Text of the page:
According to a transcript of a creditors meeting for her bankruptcy case, Roqumore said she worked as an accountant in the oil and gas industry for 15 years at companies including Halliburton Co, Dynegy Inc and failed energy giant Enron Corp.

While she did not trade when working at those companies either as an employee or contract employee, she said she handled the back-office accounting after energy deals were done. In that role, Roqumore gained the knowledge needed to buy and sell natural gas and also developed relationships with traders.

“My visibility with the traders was on a regular basis on the trading floor,” Roqumore said in the bankruptcy case document.

While an accountant by training, Roqumore said she failed her Certified Public Accountant (CPA) exam in 1990, according to a transcript that was part of her bankruptcy case.

She initially did well in her gas trading in 2002, but began to run into trouble a year later, when prosecutors say she purchased $1.5 million of natural gas from a marketing unit of Dominion Resources with credit obtained by falsified documents. The marketing unit was never paid for gas delivered in April and May, according to court documents.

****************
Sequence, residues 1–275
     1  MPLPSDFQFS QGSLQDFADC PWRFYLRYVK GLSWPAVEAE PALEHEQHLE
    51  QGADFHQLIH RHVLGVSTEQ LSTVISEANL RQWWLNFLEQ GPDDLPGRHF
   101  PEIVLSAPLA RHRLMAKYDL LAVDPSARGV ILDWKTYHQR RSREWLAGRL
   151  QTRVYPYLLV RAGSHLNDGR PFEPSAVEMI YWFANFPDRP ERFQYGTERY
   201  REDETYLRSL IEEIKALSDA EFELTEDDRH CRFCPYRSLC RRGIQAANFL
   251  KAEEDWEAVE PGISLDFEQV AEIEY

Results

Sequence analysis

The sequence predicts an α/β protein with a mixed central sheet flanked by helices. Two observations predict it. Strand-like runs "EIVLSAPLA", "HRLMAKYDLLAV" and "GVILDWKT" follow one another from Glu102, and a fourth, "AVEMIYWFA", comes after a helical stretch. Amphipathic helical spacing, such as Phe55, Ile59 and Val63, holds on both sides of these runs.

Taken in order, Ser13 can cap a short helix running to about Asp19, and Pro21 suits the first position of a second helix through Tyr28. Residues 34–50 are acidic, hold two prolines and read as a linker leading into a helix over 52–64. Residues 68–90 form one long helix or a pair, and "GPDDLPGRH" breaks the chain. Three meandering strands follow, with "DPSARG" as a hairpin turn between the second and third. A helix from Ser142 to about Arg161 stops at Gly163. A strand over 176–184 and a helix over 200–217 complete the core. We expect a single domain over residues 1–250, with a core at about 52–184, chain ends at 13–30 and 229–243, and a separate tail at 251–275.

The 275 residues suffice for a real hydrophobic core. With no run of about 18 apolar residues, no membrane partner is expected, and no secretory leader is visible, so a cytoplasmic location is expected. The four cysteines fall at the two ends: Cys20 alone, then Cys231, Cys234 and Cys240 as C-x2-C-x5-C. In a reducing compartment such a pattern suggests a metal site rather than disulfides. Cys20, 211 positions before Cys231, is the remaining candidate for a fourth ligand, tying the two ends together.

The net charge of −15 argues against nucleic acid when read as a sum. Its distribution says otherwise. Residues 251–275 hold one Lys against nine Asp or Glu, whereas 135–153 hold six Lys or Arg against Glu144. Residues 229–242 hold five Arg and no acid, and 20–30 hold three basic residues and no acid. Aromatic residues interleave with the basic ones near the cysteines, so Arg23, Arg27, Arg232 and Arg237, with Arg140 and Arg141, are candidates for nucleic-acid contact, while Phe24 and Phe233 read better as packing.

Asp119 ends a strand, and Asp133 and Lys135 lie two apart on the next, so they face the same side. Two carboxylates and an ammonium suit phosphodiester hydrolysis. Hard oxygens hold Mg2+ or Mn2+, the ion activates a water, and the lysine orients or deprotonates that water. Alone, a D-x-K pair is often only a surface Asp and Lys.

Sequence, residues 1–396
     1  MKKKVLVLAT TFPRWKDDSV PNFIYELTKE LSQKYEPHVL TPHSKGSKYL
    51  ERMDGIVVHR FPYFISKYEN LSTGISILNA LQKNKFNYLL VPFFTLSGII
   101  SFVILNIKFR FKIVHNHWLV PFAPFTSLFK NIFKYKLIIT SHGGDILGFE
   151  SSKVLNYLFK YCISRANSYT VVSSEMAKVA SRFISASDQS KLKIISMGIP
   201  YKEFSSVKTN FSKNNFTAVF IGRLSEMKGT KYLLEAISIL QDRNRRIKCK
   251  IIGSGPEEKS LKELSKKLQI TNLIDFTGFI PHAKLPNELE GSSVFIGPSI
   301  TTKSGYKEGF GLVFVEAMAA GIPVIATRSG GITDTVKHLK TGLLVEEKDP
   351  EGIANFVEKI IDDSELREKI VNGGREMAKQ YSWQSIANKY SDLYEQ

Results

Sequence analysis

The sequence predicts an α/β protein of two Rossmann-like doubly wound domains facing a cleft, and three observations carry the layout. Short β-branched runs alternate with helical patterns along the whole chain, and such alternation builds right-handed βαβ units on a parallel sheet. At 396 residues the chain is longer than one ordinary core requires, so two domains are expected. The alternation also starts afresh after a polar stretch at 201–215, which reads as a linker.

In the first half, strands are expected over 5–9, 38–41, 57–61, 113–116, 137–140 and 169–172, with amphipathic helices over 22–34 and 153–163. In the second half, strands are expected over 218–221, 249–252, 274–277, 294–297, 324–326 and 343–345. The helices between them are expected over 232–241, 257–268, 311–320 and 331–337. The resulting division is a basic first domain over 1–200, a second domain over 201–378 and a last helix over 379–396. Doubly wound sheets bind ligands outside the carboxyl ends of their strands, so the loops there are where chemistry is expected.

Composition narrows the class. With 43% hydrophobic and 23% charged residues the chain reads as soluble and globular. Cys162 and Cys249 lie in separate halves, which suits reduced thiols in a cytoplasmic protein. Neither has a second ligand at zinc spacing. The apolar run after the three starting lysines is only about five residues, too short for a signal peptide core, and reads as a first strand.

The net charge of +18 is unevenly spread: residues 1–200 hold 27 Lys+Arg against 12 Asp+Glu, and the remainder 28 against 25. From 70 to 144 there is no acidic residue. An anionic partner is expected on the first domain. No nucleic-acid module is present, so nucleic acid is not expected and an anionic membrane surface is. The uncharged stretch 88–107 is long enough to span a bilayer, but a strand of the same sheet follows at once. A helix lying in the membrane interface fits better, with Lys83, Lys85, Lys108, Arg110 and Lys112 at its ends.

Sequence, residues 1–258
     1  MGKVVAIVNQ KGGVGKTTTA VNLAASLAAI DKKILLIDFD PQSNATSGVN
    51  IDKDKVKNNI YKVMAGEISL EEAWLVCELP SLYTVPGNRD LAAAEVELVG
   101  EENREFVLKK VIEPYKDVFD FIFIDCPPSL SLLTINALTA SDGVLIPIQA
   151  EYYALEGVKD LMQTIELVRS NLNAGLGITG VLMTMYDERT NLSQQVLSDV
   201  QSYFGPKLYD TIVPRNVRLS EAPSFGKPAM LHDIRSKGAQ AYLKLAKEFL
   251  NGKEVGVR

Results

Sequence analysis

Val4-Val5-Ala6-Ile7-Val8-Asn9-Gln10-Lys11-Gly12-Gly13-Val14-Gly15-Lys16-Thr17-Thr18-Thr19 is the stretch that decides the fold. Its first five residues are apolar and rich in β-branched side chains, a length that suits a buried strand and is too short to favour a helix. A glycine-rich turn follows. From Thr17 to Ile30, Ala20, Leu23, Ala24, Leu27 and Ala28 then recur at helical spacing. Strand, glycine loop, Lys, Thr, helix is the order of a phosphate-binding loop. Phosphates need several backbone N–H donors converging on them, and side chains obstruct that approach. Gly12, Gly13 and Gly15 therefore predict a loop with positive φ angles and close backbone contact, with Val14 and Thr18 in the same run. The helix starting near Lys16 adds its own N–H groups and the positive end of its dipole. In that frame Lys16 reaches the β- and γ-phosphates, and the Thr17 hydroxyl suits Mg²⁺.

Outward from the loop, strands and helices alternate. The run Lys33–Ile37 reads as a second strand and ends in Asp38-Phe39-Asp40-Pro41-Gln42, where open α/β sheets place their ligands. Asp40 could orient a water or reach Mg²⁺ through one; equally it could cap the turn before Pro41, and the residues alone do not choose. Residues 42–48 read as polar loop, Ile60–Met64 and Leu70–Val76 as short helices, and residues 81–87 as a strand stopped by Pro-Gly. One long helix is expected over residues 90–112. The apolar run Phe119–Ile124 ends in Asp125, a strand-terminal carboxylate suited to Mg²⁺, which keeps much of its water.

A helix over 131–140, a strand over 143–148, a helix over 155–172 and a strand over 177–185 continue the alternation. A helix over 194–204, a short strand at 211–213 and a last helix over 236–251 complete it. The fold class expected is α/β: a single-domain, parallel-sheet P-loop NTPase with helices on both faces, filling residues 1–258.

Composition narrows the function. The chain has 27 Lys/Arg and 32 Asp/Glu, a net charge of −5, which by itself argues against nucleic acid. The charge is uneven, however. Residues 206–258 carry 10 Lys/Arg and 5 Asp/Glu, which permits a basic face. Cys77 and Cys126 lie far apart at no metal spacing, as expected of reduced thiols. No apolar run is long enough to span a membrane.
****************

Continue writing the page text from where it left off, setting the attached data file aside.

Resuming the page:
The Dominion unit sued in 2005, winning a summary judgment of $1.8 million, including interest, against SRR Energy Management Resources. Roqumore is the sole shareholder of SRR.

“We’ve never collected on it because nobody could ever locate any assets,” a Dominion spokesman, said, adding that his company is cooperating with the FBI investigation.

By late 2003, Roqumore said she wasn’t making any money trading. “I would end up selling (gas) for less than what I purchased it for, just to get rid of the gas,” she said in court documents.

She continued trading just to bring money into her firm and was growing increasingly desperate to get back to the days where she was making good money trading.